10

I think you are looking for the Delineate TIN Data Area tool: Redefines the data area, or interpolation zone, of a triangulated irregular network (TIN) based on its triangle edge length.


10

You're not actually 'reprojecting' the data (the coordinate system, that is), you're simply multiplying it by a constant (as in the 'times' tool in ArcGIS) to change the pixel values from one number to another, so you can use the QGIS Raster Calculator to do this.


10

Script: import arcpy, traceback, sys, os pntFile=arcpy.GetParameterAsText(0) rasters=arcpy.GetParameterAsText(1) rasters=rasters.split(';') theFields=[x.name.lower() for x in arcpy.ListFields(pntFile)] result=arcpy.GetCount_management(pntFile) nF=int(result.getOutput(0)) p=arcpy.Point() try: def showPyMessage(): arcpy.AddMessage(str(time.ctime(...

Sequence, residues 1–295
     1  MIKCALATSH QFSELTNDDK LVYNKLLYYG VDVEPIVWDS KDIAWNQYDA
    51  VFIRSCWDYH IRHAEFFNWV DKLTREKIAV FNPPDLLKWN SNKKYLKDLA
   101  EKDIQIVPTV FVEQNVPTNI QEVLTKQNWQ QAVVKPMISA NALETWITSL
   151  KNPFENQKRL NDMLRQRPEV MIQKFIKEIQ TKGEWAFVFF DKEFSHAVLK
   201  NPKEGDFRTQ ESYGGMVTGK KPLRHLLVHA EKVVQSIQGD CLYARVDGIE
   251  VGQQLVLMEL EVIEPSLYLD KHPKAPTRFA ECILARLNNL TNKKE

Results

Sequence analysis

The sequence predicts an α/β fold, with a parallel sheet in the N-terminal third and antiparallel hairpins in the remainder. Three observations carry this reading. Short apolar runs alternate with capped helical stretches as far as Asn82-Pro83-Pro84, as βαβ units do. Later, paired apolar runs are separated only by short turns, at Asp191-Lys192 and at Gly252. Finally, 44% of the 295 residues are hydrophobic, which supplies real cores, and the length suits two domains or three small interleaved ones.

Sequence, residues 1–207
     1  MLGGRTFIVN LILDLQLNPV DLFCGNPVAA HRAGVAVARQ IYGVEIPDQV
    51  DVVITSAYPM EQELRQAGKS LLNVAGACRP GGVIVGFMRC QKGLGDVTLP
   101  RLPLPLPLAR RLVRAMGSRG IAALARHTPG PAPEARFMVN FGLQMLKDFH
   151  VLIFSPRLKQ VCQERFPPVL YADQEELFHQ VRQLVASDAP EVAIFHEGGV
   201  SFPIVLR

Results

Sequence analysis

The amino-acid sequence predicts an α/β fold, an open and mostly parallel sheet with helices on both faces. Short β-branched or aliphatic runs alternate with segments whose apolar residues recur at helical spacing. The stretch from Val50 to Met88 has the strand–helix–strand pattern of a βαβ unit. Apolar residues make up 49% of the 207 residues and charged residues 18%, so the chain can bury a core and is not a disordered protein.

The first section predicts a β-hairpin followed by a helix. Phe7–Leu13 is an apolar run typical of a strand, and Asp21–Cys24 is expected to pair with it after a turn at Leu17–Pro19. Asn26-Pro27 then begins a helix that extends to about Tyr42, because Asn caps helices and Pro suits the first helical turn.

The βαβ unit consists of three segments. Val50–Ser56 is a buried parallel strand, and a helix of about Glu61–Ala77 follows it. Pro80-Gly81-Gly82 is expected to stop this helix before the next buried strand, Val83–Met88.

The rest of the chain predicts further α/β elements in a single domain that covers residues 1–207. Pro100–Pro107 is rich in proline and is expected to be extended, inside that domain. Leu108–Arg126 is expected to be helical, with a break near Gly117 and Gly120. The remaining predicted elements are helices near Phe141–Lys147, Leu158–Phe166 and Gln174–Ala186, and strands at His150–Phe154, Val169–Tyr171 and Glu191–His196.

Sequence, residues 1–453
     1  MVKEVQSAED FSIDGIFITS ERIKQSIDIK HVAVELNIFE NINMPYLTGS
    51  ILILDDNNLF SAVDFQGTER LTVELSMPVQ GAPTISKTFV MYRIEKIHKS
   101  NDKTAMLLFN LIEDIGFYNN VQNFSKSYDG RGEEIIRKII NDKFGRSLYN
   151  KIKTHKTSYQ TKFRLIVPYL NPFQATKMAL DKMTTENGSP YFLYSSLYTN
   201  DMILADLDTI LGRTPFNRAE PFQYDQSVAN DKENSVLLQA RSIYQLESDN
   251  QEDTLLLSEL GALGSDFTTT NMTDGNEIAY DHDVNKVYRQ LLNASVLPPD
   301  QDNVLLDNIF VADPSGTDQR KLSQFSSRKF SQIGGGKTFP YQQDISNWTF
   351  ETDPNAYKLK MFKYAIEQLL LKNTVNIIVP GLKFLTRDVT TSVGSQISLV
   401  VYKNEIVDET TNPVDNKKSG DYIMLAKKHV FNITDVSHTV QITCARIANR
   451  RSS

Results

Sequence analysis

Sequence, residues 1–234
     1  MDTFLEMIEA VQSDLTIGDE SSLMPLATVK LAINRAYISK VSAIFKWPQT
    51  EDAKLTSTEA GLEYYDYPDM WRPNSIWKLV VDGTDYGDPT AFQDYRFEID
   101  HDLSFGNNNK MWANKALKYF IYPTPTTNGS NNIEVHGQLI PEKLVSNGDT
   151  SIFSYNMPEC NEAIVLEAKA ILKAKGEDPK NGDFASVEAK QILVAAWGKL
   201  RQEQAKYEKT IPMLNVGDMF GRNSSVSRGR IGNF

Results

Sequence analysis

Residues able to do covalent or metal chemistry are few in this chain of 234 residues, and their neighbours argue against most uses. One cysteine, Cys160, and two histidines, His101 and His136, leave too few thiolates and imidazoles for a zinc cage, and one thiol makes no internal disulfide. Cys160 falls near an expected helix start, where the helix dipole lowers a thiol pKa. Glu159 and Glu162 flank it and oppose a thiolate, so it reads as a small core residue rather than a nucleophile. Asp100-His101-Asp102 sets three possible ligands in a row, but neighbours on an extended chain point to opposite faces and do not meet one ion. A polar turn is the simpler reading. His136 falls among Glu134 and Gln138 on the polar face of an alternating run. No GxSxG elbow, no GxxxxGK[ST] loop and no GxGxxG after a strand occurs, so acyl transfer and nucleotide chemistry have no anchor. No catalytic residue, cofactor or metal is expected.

9

You mention 3D Analyst so I am assuming you have ArcGIS. Use the tool ArcToolbox-3D Analyst Tools-Raster Surface-Slope to create a slope surface from your LiDAR data. Use the tool ArcToolbox-3D Analyst Tools-Raster Reclass-Reclassify and give all the values > 5% slope NoData, and all the areas <=5% slope a value of 1. All the pixels with a value of ...


7

Workaround for what you describe in absence of spatial analyst: arcpy.Buffer_analysis("target","../buffer.shp", "100 Meters") arcpy.FeatureVerticesToPoints_management("buffer","../points.shp","ALL") arcpy.AddField_management("points", "PID", "LONG") arcpy.CalculateField_management("points", "PID", "[FID]") arcpy.Near_analysis("points", "target","LOCATION") ...


6